Less carbon than London 2012? Everything you need to know about Tokyo 2020’s Sustainability Plan

Less carbon than London 2012? Everything you need to know about Tokyo 2020’s Sustainability Plan

Passively-designed venues, renewable energy and sustainable sourcing prioritised to make sure Olympics and Paralympics contribute to sustainable development goals

The organising team behind the Tokyo 2020 Olympic and Paralympics has calculated that the Games will have a lower carbon footprint than Rio 2016 and London 2012 – widely considered to be the first sustainable Olympics.

According to the second (and final) version of the Tokyo 2020 Sustainability Plan, the upcoming Games is expected to have a carbon footprint of 3.01 million t-CO2 (metric tonnes), compared with the 3.45 million t-CO2 emitted as a result of London 2012.

This has decreased further to 2.93 million t-CO2 following a venue review, which forced the organising committee to use existing facilities due to spiralling costs, reducing construction commitments.

Around 58% of the venues used for the Games will be existing. However, the “passively designed” (which harness natural light and ventilation) five new facilities, including the Olympic Stadium, Village Plaza, Ariake Arena, Musashino Forest Sport Plaza and Ariake Tennis Park, have contributed to the low carbon estimation.

All will use renewable energy, with the Ariake Arena, Olympic Aquatics Centre and Musashino Forest Sports Plaza deploying solar power generation systems, solar heat utilisation systems and geothermal heating/cooling systems.

To hit its target of zero carbon (albeit a target that is not a “concrete numerical figure” but an “ideal direction of effort”), new facilities have been constructed with concrete made with recycled frames and recycled vinyl floor materials.

Although the plan reveals targets to use environmentally-friendly materials, including timber produced in Japan, the Tokyo 2020 organising committee faced criticism from environmental groups earlier this year for allegedly using plywood panels sourced from under threat southeast Asian rainforests.

However, the Sustainability Plan “encourages” suppliers and licensees to “reduce impacts on biodiversity”, and warns that illegally logged timber “should be avoided from the perspective of mitigating deforestation”.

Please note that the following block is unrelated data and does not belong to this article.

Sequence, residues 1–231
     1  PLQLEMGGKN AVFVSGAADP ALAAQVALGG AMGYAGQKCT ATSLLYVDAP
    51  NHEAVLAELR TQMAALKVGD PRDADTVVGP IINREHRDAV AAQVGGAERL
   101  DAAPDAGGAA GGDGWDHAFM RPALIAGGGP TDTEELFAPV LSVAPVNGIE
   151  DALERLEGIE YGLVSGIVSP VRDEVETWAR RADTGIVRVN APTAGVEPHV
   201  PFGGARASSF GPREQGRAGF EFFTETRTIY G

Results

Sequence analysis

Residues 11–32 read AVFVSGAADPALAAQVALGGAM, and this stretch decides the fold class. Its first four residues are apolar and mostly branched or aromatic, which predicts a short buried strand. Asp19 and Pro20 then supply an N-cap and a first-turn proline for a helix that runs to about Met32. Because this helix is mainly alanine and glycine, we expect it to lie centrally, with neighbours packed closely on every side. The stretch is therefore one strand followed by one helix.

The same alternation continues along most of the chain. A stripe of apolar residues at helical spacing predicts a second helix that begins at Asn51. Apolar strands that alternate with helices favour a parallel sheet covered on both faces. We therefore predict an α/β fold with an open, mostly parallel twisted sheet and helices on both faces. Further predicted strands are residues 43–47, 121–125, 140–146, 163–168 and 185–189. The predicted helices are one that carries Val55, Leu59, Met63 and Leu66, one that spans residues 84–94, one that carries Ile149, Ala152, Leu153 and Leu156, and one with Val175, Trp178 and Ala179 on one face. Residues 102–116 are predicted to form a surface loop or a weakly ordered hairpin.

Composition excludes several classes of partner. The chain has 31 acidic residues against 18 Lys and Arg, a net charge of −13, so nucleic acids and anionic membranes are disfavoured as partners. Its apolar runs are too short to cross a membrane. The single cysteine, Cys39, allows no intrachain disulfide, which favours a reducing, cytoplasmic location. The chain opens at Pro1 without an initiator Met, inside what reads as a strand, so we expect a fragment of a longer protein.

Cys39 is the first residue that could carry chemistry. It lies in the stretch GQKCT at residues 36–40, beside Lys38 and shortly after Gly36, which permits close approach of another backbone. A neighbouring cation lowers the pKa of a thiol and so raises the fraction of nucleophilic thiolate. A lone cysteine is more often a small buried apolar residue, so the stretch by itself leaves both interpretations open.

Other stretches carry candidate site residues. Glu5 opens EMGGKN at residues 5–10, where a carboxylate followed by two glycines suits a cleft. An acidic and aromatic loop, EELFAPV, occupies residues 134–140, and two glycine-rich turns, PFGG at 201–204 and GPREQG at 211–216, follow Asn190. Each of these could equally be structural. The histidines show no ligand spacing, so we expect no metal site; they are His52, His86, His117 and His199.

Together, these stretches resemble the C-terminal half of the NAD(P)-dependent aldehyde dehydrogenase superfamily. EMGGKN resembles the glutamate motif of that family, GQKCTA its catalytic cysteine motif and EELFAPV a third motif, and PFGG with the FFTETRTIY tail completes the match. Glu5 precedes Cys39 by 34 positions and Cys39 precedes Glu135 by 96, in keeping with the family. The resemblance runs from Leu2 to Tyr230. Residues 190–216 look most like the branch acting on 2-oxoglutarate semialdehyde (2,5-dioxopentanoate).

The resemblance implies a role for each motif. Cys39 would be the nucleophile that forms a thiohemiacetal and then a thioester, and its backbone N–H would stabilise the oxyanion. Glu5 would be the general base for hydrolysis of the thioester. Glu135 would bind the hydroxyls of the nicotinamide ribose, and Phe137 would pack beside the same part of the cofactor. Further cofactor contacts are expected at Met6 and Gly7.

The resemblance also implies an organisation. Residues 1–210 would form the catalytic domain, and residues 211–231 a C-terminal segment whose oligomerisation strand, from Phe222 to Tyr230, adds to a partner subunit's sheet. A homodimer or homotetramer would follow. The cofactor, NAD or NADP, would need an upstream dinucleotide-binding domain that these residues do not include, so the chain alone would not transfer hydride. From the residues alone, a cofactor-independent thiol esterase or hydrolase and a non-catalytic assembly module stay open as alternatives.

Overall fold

The document has also sought to reinforce Tokyo 2020’s sustainable procurement strategy (known formally as the Tokyo 2020 Sustainable Sourcing Code), which has individual codes for timber, agricultural products, livestock products, fishery products, paper and palm oil. The Tokyo Metropolitan Government and national governing bodies have been asked to “respect” the Code when procuring products and services for the Games.

Additional strategies to achieve Tokyo’s zero carbon ambition include a 99% recycling ratio pledge, contributions to carbon credits and Green Power Certificate for unavoidable emissions, and the organisers’ potentially game-changing ‘hydrogen society’ plan (see below).

The event organisers also expect to receive third party sustainability accreditation, via ISO 20121, by 2019.

Powered by hydrogen

The Olympic Village will be used as the model for Japan’s hydrogen society vision, with  fuel cells installed to supply heat and electricity to buildings. The hydrogen will be produced using renewable energies generated in Fukushima, an area decimated by the great earthquake in 2011, and delivered through hydrogen supply systems and pipelines, even powering official vehicles.

Referenced as one of the Games’ major legacies, the Olympic Village experiment will then be the model for delivering energy to residential areas.

“The use of hydrogen energy will be increased using the Tokyo 2020 Games as an opportunity, leaving the hydrogen society as one of the legacies of the Tokyo 2020 Games,” the Sustainability Plan states.

Carbon management is just one of the five main themes explored in the Sustainability Plan. The other two connected to environmental sustainability are (a) resource management, and (b) natural environment and biodiversity.

For the former, zero wasting is the ambition. This will be measured by 10 metrics under a ‘reduce, reuse, recycle’ banner:

Reduction of edible food waste; reduction of packaging; reuse or recycle of procured items; use of recycled materials; reuse of recycled metal in medals; reuse or recycle or waste generated from operations; recycle of food waste; reuse or recycle of construction waste; sustainable use of renewable resources; reduction of emissions into the environment.

‘Be better, together’ is the strap-line for Tokyo 2020’s sustainability plans

The goal for natural environment and biodiversity it to have a “city within nature/nature within in a city”, and will be measured thus:

1. To minimise the environmental load of the Games, enhance the functions of water circulation in the city and improve the comfort that the urban environment can offer

2. Develop the urban environment with the rich ecological network by conserving biodiversity, creating lush greeneries and the water environment, and forming an attractive landscape

3. Minimise the environmental load associated with production, distribution, and other operations of the procurement phase of the Games by paying attention to prevent environmental contamination and protect biodiversity

Leading up to the Games, and throughout the event, training on sustainability strategy and initiatives will be offered to staff and volunteers, while the general public will be “made aware of efforts”.

A progress report will be published in spring 2019, with a further two reports due for publication just before the Olympics and Paralympics (spring 2020) and after (winter 2020/21) to demonstrate results.

To read the full Tokyo 2020 Sustainability Plan, click here.

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